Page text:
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Degrees of pitch rise and conveyed meaning


Degrees of rise

Beginning pitch level

The normal beginning with a prehead (a sentence that does not begin with a stressed word) is pitch level 2, which indicates no marked attitude. If it starts either higher or lower than level 2, attitudinal meaning is involved. If it begins at level 3, the sentence can show a surprise, excitement or insistence. On the other hand, if a sentence with a prehead begins at a lower pitch, at level 1, it can mean indifference, timidity or boredom. Level 1 pitch can also mean that what is to be said is obvious or redundant. For instance,

She is the teacher. (neutrality: information) 

    2 3

She is the teacher. (excitement) 

    3 4

She is the teacher. ( indifference) 

    1 2

This is another example:

I think I am right. (neutrality: simply stating)

2   3-1

I think I am right. (attitude of insistence)

3   4-1

I think I am right. (attitude of timidity)

1   2-1

When pitch does not rise in the content words when it is expected, some type of attitude is betrayed. For example, in the following sentence, ‘said’ is a content word, needing some stress:

She said she got an A. (neutral)

   2 3                   4-1

But if pitch does not rise with ‘said’, the sentence can mean that the speaker does not believe that she got an A. 

She said she got an A. (disbelief)

2                   3-1

In general, a steep pitch change indicates a strong emotion, while a flat intonation, due to little pitch change, indicates a lack of emotion. For example, ‘Great.’ uttered with little pitch change sounds perfunctory, but uttered with a steep pitch change can show enthusiasm.

Great! (perfunctory)


Great! (excited)


When English natives use flat intonation, it signals indifference or apathy. So, flat intonation is often used as a response of indifference to a question, as following examples show:

How was the film? 

It was all right. (Not too bad, not too good)


Where shall we go tonight? 

We may go to the cinema. (I don't care.)



When pitch does not rise at all, with pitch starting low and remaining low, it can sound sarcastic. Being sarcastic means that what is said is the opposite of the literal meaning of the sentence. That is, the intended meaning of the speaker actually is the opposite of what she says. These are examples of sarcastic remarks:

Always a delight when you end up in a subway car with someone singing at the top of their lungs. (annoyed)

I love going to work at 5:45 am on a Saturday (hate)

This dish really could use more salt. (already too salty)

The use of sarcasm is very common in English speech. According to some studies, about a quarter of the time, Americans use “Yeah right” to mean the opposite, that is, to disagree. Detecting sarcasm can be difficult for non-native speakers. One important clue for sarcasm is intonation. When pitch moves the opposite direction of what is expected based on the meaning of the sentence, the speech can be interpreted as a sarcastic remark. For instance, pitch should rise steeply in a sentence meaning excitement. But, if pitch stays flat instead, it is most likely used sarcastically. The following sentences are used sarcastically:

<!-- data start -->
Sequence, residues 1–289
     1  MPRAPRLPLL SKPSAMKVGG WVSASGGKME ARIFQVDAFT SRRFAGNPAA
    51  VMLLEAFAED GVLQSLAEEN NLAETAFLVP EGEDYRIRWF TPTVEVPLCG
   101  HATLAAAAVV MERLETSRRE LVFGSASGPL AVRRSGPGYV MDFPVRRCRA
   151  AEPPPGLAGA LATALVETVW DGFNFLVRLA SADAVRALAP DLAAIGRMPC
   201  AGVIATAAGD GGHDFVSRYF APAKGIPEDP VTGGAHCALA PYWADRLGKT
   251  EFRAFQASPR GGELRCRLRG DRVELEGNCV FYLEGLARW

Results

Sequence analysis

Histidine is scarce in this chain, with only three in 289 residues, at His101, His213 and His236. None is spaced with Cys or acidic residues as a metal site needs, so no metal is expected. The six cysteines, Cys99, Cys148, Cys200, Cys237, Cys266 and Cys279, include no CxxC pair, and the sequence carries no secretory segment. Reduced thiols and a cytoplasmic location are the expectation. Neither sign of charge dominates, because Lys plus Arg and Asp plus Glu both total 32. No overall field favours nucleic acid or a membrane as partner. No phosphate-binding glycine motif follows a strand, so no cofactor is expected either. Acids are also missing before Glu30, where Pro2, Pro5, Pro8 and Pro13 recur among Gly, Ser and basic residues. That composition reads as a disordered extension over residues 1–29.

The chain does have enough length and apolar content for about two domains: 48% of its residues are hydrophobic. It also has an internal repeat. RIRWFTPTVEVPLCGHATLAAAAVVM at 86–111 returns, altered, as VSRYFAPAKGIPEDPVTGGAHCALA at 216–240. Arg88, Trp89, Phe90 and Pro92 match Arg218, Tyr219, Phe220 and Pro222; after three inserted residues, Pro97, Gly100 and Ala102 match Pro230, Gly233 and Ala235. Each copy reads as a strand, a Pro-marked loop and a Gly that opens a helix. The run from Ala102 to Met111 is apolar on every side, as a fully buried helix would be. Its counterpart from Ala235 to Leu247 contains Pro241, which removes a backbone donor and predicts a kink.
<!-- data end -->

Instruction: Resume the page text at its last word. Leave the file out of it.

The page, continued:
Great ! (sarcasm)


Fantastic. (sarcasm)  


Compare the following pairs of sentences where one has the expected pitch movement and the other has the sarcastic movement:


That’s just what I wanted. (excitement)

        3                     4 -1               

That’s just what I wanted. (sarcasm)


Yeah right (agreement)

  2     3-1 

Yeah right (disagreement)


Yes-no question

Yes-no questions use rising intonation: pitch rises on or after the tonic stress. Rising 

intonation can have different degrees of rise. A gradual rise shows neutrality in emotion, but a steep rise can reveal an emotion. For example, 

     You’re a doctor? (neutral)

        2          3   

Since there is just one stressed syllable in the sentence, the normal pitch rise of the nuclear syllable is at level 3. Of course, pitch keeps rising after the nuclear syllable, but the rise is viewed as an allophone pitch of the preceding pitch. 

Even when there is only one stressed syllable in a sentence, pitch can rise to level 4 to express a surprise, disbelief or excitement. It may also mean that the speaker is asking for a clarification. Precisely which it indicates depends on the context.

You’re a doctor? (surprise or disbelief)

        2         4   

This is another pair of sentences:

      Was that you? (neutral emotion)

    2       3

Was that you? (disbelief)

    2       4

As the examples show, we can add emotion to a question by using different pitch levels.